Donald Trump faces impeachment because he is accused of using the power of his office – that is, the power granted to him as President to be exercised on behalf of the country and the general interest – to further his own political interests, and, in particular, his wish to be re-elected.

    The evidence for this is a telephone call he made to the President of Ukraine, during which he was overheard “asking a favour” of President Zelensky; the favour requested was that a Ukrainian inquiry should be made into allegations of corruption involving the son of Joe Biden, who is leading the race for nomination as the Democratic candidate and who is, as shown by the polls, likely to beat Trump in the presidential election.

    The “favour” was linked to the American provision of large-scale military aid to Ukraine – aid that was, when the inquiry did not materialise, withheld on Trump’s orders.

    The recent assassination by American drone of a leading Iranian general, Qassem Suleimani, when he was visiting Iraq, shows that Trump has learned nothing from his impeachment. He has been quick to claim credit for the assassination, which has certainly had the presumably desired effect of taking his impeachment out of the headlines – a classic example of a “wag the dog” foreign intervention designed to divert attention from domestic issues.

    But it again raises the question of whether the President has used the power of his office to further his campaign to be re-elected, rather than to serve the interests of the country. The assassination was almost certainly an illegal act – it was, after all, on one level, simply an act of murder.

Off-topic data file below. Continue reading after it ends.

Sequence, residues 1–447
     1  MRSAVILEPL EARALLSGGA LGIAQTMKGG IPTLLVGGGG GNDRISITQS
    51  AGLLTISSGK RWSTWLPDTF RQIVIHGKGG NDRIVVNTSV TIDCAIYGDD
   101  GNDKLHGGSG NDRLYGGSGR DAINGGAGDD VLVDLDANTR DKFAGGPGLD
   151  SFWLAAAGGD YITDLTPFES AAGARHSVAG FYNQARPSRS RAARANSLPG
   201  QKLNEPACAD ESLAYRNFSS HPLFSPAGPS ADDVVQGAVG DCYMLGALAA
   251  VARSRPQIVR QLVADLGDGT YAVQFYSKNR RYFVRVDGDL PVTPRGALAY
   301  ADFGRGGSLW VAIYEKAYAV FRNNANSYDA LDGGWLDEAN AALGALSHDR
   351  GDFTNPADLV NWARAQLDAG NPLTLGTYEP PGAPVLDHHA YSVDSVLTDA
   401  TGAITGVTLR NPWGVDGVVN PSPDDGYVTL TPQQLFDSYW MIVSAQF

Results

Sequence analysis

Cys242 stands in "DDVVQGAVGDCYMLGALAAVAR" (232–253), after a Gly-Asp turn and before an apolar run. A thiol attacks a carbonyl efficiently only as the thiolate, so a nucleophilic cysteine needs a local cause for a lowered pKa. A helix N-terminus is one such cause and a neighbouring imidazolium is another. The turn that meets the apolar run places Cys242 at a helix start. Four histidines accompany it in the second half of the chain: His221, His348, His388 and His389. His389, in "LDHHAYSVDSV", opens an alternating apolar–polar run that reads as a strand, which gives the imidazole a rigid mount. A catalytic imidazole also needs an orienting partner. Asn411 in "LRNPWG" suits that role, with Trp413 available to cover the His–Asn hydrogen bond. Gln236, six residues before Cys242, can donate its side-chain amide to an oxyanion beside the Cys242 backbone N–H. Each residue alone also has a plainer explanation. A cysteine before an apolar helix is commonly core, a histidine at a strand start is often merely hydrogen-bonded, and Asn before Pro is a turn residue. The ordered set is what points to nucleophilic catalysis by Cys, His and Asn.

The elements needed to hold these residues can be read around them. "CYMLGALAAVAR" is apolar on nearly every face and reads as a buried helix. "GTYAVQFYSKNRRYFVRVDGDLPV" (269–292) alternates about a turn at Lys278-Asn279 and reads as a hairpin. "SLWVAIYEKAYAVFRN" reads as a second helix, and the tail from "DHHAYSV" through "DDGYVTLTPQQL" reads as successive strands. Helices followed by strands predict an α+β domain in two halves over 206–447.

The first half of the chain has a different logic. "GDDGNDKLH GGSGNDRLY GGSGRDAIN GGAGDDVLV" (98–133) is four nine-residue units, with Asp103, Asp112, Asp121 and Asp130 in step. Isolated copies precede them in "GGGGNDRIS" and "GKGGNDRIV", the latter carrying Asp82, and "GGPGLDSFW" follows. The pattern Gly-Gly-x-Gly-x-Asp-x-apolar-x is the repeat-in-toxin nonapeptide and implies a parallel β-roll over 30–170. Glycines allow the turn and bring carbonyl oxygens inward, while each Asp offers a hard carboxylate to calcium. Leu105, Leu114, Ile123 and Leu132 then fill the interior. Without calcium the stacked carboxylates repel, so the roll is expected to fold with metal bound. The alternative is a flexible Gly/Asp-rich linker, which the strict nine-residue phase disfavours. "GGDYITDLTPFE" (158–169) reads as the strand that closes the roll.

If Trump’s justification for it – that Sulameini was intending to launch an attack on American targets – is to be believed, the murder was an “act of war”, but one of which he failed to give prior notice to Congress, as he is obliged to do under American law.

    Whatever the constitutional and legal niceties, what is clearly beyond dispute is that the assassination has dangerously increased tensions in an already dangerous Middle East. The Iranians have vowed retaliation, and the Iraqis have asked American troops to leave their country, leaving the way clear for a revival of Isis.

    The world itself is now at risk, with nuclear-armed countries threatening each other. The tragedy is that, quite apart from the Trump-ordered assassination, the whole tinder-box is a Trump creation.

    In the years preceding Trump’s election victory in 2016, concern had been mounting, not least in Israel, at the possibility that Iran might be in process of acquiring nuclear weapons. Trump’s predecessor, President Obama, had recognised the danger and had negotiated an agreement under which the Iranians would halt their nuclear weapons programme, and would accept international inspection to verify that they had done so, in return for which the Americans and other Western countries would lift the trade sanctions they had imposed on Iran.

    Trump was so determined to reject and disown anything that Obama had achieved that, without consulting his European allies who were also parties to the agreement, he tore it up and again subjected to trade sanctions an Iran that was no longer under any obligation to terminate its nuclear weapons programme.

    Trump has now, as Joe Biden has said, thrown into the tinder box the “dynamite stick” of Sulameini’s assassination. It is hard to believe that any sane person, let alone world leader, could have acted so irresponsibly.

    His threat to respond to any Iranian retaliation by attacking Iranian cultural heritage sites reveals a complete abandonment of civilised behaviour and a disregard of international law.

    If Trump’s threatened withdrawal of American military aid as a means of extracting “a favour” from Ukraine was an impeachable offence, then his reckless pursuit of a favourable headline by murdering a foreign leader is even more so.